(i) the applicant comes from a country which satisfies the criteria to be considered a safe country of origin within the meaning of this Directive; or

(ii) the applicant has introduced a subsequent application; or

(iii) the applicant may for serious reasons be considered a danger to the national security or public order of the Member State, or the applicant has been forcibly expelled for serious reasons of public security or public order under national law; or

(iv) there are reasonable grounds to consider that a country which is not a Member State is a safe third country for the applicant, pursuant to Article 38; or

(v) the applicant has misled the authorities by presenting false documents; or

(vi) in bad faith, the applicant has destroyed or disposed of an identity or travel document that would have helped establish his or her identity or nationality.

Member States may apply points (v) and (vi) only in individual cases where there are serious grounds for considering that the applicant is attempting to conceal relevant elements which would likely lead to a negative decision and provided that the applicant has been given full opportunity, taking into account the special procedural needs of unaccompanied minors, to show good cause for the actions referred to in points (v) and (vi), including by consulting with his or her representative;

(c) consider the application to be inadmissible in accordance with Article 33(2)(c) if a country which is not a Member State is considered as a safe third country for the applicant pursuant to Article 38, provided that to do so is in the minor’s best interests;

(d) apply the procedure referred to in Article 20(3) where the minor’s representative has legal qualifications in accordance with national law.

Without prejudice to Article 41, in applying Article 46(6) to unaccompanied minors, Member States shall provide at least the guarantees provided for in Article 46(7) in all cases.

 

Article 26

Detention

 

  1. Member States shall not hold a person in detention for the sole reason that he or she is an applicant. The grounds for and conditions of detention and the guarantees available to detained applicants shall be in accordance with Directive 2013/33/EU.
  2. Where an applicant is held in detention, Member States shall ensure that there is a possibility of speedy judicial review in accordance with Directive 2013/33/EU.

 

Article 27

Procedure in the event of withdrawal of the application

 

  1. Insofar as Member States provide for the possibility of explicit withdrawal of the application under national law, when an applicant explicitly withdraws his or her application for international protection, Member States shall ensure that the determining authority takes a decision either to discontinue the examination or to reject the application.
  2. Member States may also decide that the determining authority may decide to discontinue the examination without taking a decision. In that case, Member States shall ensure that the determining authority enters a notice in the applicant’s file.

 

Article 28

Procedure in the event of implicit withdrawal or abandonment of the application

 

  1. When there is reasonable cause to consider that an applicant has implicitly withdrawn or abandoned his or her application, Member States shall ensure that the determining authority takes a decision either to discontinue the examination or, provided that the determining authority considers the application to be unfounded on the basis of an adequate examination of its substance in line with Article 4 of Directive 2011/95/EU, to reject the application.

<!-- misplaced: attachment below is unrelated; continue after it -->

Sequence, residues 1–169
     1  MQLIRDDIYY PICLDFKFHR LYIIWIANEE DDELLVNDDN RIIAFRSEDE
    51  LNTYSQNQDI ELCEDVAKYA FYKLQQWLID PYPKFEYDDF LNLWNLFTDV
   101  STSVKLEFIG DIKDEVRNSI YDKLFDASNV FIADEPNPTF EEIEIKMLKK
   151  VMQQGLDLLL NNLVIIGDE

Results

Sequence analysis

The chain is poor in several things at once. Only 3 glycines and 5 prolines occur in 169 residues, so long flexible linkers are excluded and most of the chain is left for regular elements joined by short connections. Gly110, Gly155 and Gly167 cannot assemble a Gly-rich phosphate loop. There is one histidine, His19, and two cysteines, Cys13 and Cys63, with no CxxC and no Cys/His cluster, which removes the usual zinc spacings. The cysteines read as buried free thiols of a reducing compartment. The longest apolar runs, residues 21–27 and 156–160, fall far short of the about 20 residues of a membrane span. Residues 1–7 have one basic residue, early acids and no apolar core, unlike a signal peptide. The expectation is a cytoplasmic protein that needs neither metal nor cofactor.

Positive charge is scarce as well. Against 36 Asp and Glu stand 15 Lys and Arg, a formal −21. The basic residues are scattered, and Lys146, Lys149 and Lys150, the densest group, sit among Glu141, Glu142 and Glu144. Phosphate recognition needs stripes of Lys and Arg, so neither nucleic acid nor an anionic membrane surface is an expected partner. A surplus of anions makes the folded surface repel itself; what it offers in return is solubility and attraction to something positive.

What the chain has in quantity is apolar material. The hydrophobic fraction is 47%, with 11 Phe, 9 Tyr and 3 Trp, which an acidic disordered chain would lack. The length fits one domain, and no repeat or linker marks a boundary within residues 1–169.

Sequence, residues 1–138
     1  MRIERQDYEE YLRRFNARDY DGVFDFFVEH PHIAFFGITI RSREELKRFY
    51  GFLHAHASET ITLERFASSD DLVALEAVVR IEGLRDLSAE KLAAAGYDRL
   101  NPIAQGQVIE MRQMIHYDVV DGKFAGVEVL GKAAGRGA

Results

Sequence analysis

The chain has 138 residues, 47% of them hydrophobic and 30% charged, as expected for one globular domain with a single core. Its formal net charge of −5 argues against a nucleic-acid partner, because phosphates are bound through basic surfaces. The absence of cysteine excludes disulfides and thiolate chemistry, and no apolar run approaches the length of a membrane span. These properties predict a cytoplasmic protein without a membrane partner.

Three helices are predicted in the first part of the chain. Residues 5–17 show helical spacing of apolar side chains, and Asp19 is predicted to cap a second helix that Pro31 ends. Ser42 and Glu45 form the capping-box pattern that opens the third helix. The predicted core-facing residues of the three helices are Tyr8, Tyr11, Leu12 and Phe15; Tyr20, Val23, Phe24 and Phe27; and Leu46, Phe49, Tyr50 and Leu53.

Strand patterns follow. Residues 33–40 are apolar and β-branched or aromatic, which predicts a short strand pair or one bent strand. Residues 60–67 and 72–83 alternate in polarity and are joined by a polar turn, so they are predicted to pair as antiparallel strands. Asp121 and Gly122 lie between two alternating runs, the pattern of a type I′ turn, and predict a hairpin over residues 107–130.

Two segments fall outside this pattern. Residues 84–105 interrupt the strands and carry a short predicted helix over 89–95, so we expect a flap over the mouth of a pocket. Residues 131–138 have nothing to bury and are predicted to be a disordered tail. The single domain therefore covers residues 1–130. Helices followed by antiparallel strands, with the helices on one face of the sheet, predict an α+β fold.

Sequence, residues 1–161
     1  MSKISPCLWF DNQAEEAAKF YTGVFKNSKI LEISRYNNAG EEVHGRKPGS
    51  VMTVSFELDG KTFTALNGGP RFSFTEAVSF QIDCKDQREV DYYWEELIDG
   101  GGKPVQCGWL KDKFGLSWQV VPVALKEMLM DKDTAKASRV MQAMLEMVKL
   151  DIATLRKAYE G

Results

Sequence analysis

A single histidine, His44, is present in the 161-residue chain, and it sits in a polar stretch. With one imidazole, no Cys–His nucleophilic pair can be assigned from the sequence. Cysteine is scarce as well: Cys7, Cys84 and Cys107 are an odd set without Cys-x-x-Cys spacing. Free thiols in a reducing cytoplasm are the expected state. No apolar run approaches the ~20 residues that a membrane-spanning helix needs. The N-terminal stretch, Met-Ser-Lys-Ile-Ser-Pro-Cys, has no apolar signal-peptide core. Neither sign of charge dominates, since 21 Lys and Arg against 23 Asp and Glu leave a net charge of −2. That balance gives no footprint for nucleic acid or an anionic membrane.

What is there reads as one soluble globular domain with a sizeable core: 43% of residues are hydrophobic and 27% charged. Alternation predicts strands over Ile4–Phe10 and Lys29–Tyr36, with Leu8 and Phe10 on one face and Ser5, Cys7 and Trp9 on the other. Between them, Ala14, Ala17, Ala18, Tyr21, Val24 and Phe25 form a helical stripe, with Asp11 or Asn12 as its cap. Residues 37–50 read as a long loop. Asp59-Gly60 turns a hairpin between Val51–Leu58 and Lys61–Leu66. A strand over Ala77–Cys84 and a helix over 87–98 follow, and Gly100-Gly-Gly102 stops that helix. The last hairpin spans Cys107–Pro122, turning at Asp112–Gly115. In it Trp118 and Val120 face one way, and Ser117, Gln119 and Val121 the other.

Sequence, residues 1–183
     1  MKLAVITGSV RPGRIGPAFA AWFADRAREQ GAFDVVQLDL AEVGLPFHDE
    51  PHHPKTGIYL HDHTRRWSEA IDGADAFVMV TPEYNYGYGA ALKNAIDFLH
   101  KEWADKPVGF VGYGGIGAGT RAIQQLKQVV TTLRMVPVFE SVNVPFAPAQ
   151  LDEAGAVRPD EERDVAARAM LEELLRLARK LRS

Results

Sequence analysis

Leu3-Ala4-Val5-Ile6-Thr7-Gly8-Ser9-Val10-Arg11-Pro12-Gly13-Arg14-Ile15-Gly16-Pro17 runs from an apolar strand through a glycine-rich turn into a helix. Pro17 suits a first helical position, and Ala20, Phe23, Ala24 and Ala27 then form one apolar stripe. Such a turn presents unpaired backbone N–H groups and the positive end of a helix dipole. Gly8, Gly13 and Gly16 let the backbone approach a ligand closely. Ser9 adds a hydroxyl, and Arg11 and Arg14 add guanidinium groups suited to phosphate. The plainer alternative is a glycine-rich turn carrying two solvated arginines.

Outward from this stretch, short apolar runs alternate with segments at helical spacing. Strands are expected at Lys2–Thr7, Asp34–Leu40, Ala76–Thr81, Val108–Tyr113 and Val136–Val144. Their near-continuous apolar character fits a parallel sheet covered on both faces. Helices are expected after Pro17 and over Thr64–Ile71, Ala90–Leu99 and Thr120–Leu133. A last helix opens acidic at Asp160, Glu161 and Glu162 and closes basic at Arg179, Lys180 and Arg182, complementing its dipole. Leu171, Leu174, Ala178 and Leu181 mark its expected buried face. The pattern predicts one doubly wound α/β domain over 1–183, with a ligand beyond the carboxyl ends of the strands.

Member States may assume that the applicant has implicitly withdrawn or abandoned his or her application for international protection in particular when it is ascertained that:

(a) he or she has failed to respond to requests to provide information essential to his or her application in terms of Article 4 of Directive 2011/95/EU or has not appeared for a personal interview as provided for in Articles 14 to 17 of this Directive, unless the applicant demonstrates within a reasonable time that his or her failure was due to circumstances beyond his or her control;

(b) he or she has absconded or left without authorisation the place where he or she lived or was held, without contacting the competent authority within a reasonable time, or he or she has not within a reasonable time complied with reporting duties or other obligations to communicate, unless the applicant demonstrates that this was due to circumstances beyond his or her control.

For the purposes of implementing these provisions, Member States may lay down time limits or guidelines.

  1. Member States shall ensure that an applicant who reports again to the competent authority after a decision to discontinue as referred to in paragraph 1 of this Article is taken, is entitled to request that his or her case be reopened or to make a new application which shall not be subject to the procedure referred to in Articles 40 and 41.

Member States may provide for a time limit of at least nine months after which the applicant’s case can no longer be reopened or the new application may be treated as a subsequent application and subject to the procedure referred to in Articles 40 and 41. Member States may provide that the applicant’s case may be reopened only once.

Member States shall ensure that such a person is not removed contrary to the principle of non-refoulement.

Member States may allow the determining authority to resume the examination at the stage where it was discontinued.

  1. This Article shall be without prejudice to Regulation (EU) No 604/2013.

 

Article 29